Last updated at 11:00 Tue 18/Jan/11.
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It´s surprising that the discussion about this subject is almost inexistent.

The secondhand market has always been an important part of the book trade, and suddenly it is at risk of disappearing in the digital enviroment, to the detriment of the readers. But it has not to be that way mandatorily.

First, there's a distinction that has to be made: digital "products", digital books in this case, are no objects (physical nor "virtual") but information "packages", so they cannot be considered as "used" after being read, but they definitively can be considered as "second hand" products if transferred from user to user -just like a physical book that, even if sealed and not read, is sold or passed by the original buyer (costumer/potential reader) to another person.

Now, a copy of an ebook is another thing. (The book is specifically propitious to copy, since virtuality is part of its nature. I can copy a novel by hand, word by word, and the result will be the same novel, no less, no more.I can copy a PDF book in RTF format, and the textuality at least will be the same, and the reading experience will be the same. Xerox copies are of common use since decades ago).

Just like the music industry years ago, the editorial industry is suffering a panic attack that the shift to a digital enviroment entails. "Will the readers share their readings without benefit to us?" "will the writer become his own publisher without benefit to us?" Yes, of course, this is happening, and will continue to happen no matter what efforts are made by the industry to prevent it. People will copy cultural goods whenever is cheaper and faster and better copying them than buying it.

Why, whitout the print, store and delivery costs, is an ebook almost equal in price than a physical book? Why, being technologically easier to share it is so difficult legally? Because, when in pannic, persons and companies act stupidly. They are mistaking the reader for an enemy, when he's not. He´s a costumer (that is to say, a kind of partner), a friend, but not a silly one. He will go where he can find the best choice, the best buy, and if he can get the same for free, he will go for it. Because, as the song goes, "information want to be free".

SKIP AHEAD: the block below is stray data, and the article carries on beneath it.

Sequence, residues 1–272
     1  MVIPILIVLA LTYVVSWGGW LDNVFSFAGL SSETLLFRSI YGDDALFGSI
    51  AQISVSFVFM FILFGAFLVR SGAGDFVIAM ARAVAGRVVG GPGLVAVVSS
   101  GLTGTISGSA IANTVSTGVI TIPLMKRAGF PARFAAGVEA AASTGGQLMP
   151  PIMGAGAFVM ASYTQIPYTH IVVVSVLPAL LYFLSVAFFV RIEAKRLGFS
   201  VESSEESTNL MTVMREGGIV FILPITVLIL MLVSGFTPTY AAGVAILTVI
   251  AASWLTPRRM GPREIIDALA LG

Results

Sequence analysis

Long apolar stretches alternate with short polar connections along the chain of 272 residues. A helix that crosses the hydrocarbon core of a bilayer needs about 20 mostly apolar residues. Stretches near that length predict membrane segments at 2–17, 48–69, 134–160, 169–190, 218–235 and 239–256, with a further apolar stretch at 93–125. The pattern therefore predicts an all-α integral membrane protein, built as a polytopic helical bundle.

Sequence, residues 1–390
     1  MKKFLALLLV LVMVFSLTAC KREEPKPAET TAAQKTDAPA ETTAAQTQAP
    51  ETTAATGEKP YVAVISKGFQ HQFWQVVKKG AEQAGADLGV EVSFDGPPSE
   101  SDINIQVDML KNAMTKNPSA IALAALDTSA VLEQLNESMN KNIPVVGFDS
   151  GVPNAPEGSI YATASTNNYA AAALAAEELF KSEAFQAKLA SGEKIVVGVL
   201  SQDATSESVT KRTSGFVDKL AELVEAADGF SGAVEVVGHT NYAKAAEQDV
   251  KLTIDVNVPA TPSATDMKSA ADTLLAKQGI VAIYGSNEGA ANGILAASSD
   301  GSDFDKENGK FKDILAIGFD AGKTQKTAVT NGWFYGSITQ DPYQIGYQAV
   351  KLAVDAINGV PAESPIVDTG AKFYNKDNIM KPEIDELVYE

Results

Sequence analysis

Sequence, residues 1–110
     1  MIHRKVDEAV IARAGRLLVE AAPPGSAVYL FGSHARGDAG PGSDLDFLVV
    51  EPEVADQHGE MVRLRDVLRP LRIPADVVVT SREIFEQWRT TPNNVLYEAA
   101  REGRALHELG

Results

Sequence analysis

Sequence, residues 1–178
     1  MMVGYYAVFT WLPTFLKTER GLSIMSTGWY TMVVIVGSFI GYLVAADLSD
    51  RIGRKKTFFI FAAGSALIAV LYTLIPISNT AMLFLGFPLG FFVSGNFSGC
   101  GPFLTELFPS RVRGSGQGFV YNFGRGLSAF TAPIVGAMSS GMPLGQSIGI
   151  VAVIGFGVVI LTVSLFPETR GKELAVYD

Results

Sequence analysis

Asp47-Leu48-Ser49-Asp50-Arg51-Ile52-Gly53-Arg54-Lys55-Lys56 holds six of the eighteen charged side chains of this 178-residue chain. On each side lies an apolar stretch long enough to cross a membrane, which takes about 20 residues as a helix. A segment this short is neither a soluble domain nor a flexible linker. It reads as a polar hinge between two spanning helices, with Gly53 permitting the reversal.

The current regulations prevent the existence of second hand ebooks, not only by sale/purchase, but by loan or donation also. It is not forbidden (yet) but is, indeed, constrained. If a physical book can be read by an unlimited number of "users", due to technical and legal (that are not technological or ethical) limitations, an ebook cannot. So, the mere idea of secondhand books is quashed by design.

As a margin note: what about libaries (public, semi-public and private)? There are now experiments (limited in scope an reach) that, despite their shyness, demonstrates that a demand niche exists, more social that commercial.

Books, always, have been read mainly when access is provided. What I mean is: 1) the purchase of a book, is only one -and never the principal- in many ways to "get" a book. And it will continue this way. and 2) just as the gutemberg press provoked at its time a social change that went far further that a simply "printing and reading" revolution, the digital publishing can, and will, and has already spark cultural shifts that will develop with or without the involvement of the editorial industry.

Music and media industries has focused their efforts in prosecution and "re-education" of the public to "teach" them (by exemplary lessons) that sharing is a crime. But they´ll never succeed because the people know that it is a crime without victims (except, of course, of the copyright holders), and there is no real harm nor guilt in that.

Editorial industry will do wrong following the steps of music and media industry (altought we all know they are part of the same conglomerates). Among other reasons, because it has few aggregate bussines opportunities: no live concerts, no merchandising, no franchises.

The industry, in order to survive, has to adapt itself to the new realities, instead of trying to adapt the new realities to their interests. A new model of businnes is needed, and it has to include -technically and comercially- the possibility of re-circulation. Is the reader who has the power to invent it and demand it.

Publishing companies can ride the wave or stay at the shore.